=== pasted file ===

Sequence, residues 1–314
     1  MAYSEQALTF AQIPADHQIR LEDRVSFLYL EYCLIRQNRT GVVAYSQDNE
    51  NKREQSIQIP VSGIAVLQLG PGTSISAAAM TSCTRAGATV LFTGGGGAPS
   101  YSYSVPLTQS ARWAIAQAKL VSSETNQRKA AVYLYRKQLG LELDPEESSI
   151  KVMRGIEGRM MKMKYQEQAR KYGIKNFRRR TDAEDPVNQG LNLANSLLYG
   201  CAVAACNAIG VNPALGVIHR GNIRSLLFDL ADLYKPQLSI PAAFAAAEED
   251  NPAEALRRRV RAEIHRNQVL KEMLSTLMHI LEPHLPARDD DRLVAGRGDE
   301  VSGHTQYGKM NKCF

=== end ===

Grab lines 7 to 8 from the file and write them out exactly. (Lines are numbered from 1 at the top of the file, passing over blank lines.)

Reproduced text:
   251  NPAEALRRRV RAEIHRNQVL KEMLSTLMHI LEPHLPARDD DRLVAGRGDE
   301  VSGHTQYGKM NKCF